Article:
It turns out that Mason had a fling with Blackburn, and she viewed the Agozyen before the ship left port.  The Agozyen causes her to unleash her wrath against the shipping company.  Mason had the top scores in the company, but she was always passed for command of a real ship, and not just a simple cruise ship.  She creates a plan of using murder to cause chaos in the middle of the Atlantic.  After she took command, she set the ship on a suicide course to kill everybody on board.

The Tulpa attacks and kills her.  Just before she dies, Mason unlocks the doors and the ship’s crew regains control and barely avoids the rocks, saving the remaining passengers and crew.

The Wheel of Darkness ends with Pendergast and Constance returning the Agozyen to the monks at the Gsalrig Chongg monastery.  The monks are convinced that Constance is part of an ancient prophecy, and that her unborn child will be their new leader.  Before the events in this book, Constance went to an abortion clinic, but she decided to keep Diogenes’s baby.  Now it’s learned that that very child has a future with the monks.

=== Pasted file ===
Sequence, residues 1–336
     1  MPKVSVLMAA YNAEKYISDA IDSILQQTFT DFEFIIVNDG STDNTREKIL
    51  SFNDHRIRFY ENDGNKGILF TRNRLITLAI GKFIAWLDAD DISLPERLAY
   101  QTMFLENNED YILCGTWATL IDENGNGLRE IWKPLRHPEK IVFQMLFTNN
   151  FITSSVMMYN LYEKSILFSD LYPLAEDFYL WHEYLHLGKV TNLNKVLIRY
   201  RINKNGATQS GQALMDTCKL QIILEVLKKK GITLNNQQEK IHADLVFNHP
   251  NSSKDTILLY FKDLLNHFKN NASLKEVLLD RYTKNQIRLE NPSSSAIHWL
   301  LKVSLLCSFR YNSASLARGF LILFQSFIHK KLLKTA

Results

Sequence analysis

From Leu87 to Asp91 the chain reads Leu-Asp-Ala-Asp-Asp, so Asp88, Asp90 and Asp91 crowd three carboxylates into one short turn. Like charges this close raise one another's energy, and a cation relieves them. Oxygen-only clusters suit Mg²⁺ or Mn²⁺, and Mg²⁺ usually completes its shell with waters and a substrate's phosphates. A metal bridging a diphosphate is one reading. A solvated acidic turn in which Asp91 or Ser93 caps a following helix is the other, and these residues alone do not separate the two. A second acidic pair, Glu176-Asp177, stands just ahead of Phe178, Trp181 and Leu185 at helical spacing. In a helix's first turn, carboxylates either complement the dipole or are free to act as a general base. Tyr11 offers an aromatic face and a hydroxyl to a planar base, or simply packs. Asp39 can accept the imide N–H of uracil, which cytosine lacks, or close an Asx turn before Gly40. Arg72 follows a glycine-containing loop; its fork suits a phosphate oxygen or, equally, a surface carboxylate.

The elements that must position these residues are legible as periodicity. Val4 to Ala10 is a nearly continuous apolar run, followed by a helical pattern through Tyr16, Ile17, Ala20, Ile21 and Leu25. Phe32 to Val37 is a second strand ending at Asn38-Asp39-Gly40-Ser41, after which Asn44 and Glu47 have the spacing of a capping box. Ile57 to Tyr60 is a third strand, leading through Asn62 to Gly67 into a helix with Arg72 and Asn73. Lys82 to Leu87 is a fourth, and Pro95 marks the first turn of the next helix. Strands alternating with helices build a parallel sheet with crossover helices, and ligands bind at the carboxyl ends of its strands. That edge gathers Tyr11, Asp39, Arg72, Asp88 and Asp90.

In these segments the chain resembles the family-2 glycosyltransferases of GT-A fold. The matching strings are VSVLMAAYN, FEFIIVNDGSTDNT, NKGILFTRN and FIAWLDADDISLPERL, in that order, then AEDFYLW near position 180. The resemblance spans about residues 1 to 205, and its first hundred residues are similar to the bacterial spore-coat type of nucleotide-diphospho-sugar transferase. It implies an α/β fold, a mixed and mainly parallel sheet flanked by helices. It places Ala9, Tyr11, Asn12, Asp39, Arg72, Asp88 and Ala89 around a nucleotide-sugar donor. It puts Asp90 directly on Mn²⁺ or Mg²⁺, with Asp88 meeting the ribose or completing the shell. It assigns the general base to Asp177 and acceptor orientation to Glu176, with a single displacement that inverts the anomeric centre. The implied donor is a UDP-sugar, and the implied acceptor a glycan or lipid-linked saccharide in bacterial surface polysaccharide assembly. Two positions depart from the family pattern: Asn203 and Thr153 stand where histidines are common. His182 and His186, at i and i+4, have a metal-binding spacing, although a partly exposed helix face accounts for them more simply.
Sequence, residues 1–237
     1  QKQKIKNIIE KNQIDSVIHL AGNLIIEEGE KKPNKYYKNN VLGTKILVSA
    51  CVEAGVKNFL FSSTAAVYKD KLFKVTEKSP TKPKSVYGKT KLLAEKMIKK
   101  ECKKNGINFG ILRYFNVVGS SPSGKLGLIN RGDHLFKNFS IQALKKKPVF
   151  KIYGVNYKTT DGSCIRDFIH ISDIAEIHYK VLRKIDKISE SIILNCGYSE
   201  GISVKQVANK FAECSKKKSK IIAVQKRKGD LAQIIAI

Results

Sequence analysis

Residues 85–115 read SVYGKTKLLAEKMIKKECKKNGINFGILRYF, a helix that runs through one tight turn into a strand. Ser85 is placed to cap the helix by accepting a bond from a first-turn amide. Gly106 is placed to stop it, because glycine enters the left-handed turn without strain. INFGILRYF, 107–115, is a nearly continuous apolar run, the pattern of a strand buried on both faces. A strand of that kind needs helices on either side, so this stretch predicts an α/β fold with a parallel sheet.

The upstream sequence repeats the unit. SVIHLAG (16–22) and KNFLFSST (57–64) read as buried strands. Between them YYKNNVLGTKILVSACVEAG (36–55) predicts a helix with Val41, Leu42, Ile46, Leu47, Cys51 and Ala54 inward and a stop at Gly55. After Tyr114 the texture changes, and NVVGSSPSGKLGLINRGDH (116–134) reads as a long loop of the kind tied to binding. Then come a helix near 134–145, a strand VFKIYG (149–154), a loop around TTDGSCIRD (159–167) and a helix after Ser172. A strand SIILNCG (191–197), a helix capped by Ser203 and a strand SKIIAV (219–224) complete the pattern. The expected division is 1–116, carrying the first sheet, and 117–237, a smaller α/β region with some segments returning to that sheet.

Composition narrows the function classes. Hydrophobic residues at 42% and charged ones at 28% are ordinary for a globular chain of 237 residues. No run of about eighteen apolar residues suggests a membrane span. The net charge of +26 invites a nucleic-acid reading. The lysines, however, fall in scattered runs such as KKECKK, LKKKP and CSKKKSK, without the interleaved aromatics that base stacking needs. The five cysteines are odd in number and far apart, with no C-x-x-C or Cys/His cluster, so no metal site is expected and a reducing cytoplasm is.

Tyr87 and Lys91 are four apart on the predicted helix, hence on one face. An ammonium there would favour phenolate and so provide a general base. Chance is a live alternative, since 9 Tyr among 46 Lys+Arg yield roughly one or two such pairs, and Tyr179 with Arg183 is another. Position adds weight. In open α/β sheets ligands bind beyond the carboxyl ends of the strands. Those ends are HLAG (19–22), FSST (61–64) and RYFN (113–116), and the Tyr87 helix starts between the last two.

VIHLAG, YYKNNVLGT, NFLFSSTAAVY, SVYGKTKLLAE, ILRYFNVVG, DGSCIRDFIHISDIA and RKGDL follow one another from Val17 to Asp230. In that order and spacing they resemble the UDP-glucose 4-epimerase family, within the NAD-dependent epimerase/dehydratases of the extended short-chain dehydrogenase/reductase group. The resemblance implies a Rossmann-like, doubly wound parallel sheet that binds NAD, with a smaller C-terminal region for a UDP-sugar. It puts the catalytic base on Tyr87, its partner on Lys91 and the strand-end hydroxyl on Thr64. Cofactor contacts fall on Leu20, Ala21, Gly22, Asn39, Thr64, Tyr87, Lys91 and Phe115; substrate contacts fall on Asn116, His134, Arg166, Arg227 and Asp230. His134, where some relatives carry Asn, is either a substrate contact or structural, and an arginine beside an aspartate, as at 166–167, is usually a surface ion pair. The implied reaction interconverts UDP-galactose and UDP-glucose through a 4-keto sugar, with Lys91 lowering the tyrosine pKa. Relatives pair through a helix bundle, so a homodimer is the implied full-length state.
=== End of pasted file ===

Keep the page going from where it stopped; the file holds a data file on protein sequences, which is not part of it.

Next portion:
So is Preston and Child’s The Wheel of Darkness any good?

Yes, as a whole, this was a good book and a great addition to the Pendergast novels.  It has a nice dose of Eastern mythology and, coincidentally, it goes rather well with 2016’s Marvel film, Doctor Strange.

The Wheel of Darkness is a dark story involving what is potentially a doomsday weapon as, even though it’s simply a painting, it can cause a form of hypnosis that unlocks one’s inner demons.  Imagine if the holder of this painting caused a country’s leader to view it, and then having that country using its military to cause chaos and unleash terrible destruction and devastation around the world.  The painting has that kind of power in the wrong hands.

As far as the Pendergast books go, this was probably the fastest one to read and easiest book to follow.  The two main characters are Pendergast and Constance, and there are only a few people of importance on the ship.  The setting is also contained as well, making it simple to know what’s happening at all times.